Duration of short-lived cross-protective immunity against a clinical attack of dengue: A preliminary estimate.
AbstractIt is believed that primary infection with a single serotype of dengue virus elicits short-lived cross-protective immunity against other heterologous serotypes; however, the duration of cross-protectionhas not been explicitly estimated using epidemiological data. To offer an empirical estimate of theduration, the present study re-analysed historical cohort data of multiple clinical attacks of dengueamong American soldiers in the Philippines from 1922–24. In the original study, the historical cohortof 299 cases with a first clinical attack of dengue were closely surveyed; 99 (33.1%) experienced asecond attack, while the remaining 200 returned to the United States without further attacks. The timeintervals from first to second attack among the 99 cases, and from first attack to departure to the United States among the 200 soldiers, were used for estimating the duration of cross-protective immunitybased on a simple mathematical model. Employing an exponential distribution or Kronecker’s deltafunction as the loss function of cross-protection against a second clinical attack, the mean duration ofcross-protective immunity since the first clinical attack was estimated as 6.90 (4.87, 11.83) days and7.52 (4.88, 16.38) days, respectively. The force of infection, which was jointly estimated with theduration of cross-protection, reasonably explained the other observed epidemiological information inthe data, supporting the finding of a short cross-protection period. Even though the estimates suggestedthat the first clinical attack most likely elicited cross-protective immunity, the length of cross-protectionlasted only 1–2 weeks, far shorter than previously believed.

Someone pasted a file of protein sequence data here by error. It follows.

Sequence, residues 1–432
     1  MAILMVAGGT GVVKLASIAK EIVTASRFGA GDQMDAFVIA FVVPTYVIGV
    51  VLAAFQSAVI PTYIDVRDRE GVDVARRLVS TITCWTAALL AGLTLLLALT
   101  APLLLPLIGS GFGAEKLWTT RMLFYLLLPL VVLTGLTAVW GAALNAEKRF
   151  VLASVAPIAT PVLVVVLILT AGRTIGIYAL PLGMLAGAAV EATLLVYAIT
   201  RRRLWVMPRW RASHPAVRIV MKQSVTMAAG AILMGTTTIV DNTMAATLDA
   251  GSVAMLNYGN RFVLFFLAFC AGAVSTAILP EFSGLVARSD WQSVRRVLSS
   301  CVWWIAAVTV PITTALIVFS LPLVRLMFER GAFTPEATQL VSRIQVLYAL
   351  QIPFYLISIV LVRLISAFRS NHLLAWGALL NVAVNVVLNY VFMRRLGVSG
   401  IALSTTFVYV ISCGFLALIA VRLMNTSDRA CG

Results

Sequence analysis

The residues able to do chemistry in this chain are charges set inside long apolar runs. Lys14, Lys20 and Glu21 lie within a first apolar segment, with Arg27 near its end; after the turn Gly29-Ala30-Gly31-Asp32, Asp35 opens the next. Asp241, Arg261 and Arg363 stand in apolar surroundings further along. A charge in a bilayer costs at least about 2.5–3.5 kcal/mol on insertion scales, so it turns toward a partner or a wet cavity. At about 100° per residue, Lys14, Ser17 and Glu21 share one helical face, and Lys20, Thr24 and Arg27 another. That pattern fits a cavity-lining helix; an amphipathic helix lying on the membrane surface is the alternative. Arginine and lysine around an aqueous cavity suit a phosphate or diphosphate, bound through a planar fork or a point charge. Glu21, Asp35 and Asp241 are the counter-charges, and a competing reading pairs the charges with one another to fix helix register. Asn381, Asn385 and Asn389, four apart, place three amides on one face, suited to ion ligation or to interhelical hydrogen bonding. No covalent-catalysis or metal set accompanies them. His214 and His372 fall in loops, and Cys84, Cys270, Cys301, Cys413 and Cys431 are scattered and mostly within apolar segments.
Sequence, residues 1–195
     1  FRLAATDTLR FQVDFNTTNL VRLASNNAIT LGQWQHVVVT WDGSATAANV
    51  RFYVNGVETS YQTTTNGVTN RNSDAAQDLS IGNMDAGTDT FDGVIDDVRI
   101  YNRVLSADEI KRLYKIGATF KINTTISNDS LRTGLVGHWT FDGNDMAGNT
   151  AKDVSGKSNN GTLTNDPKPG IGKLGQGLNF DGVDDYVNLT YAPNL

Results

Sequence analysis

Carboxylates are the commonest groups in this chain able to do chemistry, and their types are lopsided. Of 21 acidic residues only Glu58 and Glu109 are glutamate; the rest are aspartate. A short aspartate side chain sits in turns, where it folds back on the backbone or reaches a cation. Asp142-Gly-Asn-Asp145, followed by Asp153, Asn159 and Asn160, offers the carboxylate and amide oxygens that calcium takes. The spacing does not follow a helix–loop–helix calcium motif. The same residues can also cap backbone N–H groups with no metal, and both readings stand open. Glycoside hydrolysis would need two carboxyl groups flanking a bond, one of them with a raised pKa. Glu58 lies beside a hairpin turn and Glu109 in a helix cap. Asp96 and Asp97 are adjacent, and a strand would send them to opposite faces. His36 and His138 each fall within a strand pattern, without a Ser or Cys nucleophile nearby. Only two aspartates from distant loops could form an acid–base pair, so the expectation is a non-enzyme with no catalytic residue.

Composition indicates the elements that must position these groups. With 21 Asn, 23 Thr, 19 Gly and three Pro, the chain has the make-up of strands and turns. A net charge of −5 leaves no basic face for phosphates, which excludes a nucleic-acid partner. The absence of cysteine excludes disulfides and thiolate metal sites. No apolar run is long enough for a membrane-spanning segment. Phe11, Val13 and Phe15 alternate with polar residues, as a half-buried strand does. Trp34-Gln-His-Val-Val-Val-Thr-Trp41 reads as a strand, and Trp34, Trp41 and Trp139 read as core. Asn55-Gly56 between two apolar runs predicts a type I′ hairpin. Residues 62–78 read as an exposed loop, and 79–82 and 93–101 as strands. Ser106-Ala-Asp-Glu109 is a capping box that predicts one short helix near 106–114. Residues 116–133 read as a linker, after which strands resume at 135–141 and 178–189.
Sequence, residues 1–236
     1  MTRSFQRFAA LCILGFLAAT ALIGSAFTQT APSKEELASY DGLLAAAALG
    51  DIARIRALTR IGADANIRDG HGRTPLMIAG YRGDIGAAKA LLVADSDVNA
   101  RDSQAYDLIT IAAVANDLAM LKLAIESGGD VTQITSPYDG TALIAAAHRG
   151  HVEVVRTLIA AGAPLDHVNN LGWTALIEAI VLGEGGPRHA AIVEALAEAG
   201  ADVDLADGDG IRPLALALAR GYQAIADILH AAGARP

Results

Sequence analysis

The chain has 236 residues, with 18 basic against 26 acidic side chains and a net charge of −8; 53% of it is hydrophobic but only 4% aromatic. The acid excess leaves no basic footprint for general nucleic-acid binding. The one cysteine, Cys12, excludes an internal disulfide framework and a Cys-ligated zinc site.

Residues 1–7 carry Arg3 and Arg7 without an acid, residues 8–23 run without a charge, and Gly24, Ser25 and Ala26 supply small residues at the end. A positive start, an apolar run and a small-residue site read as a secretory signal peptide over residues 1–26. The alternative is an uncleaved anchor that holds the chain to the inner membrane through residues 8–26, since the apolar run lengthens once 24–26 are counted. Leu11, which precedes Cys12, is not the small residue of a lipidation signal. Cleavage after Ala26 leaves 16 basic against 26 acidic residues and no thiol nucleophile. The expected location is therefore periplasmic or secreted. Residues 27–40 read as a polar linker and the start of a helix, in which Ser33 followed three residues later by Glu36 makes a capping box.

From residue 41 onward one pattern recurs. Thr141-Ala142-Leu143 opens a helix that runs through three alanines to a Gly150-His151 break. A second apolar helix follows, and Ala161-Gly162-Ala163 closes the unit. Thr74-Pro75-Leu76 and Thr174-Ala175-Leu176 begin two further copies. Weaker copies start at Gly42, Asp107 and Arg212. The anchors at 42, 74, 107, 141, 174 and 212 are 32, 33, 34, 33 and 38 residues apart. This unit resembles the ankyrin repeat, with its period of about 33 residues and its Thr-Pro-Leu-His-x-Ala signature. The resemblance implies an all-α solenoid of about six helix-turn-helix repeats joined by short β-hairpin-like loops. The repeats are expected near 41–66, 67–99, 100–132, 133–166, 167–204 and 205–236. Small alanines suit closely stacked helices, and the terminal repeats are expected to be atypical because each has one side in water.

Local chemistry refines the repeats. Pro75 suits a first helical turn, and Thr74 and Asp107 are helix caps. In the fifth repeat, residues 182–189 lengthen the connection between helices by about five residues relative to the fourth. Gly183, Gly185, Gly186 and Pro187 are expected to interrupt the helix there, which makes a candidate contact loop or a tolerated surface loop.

Nishiura, Hiroshi. (2008). Duration of short-lived cross-protective immunity against a clinical attack of dengue: A preliminary estimate.. WHO Regional Office for South-East Asia.. http://www.who.int/iris/handle/10665/170468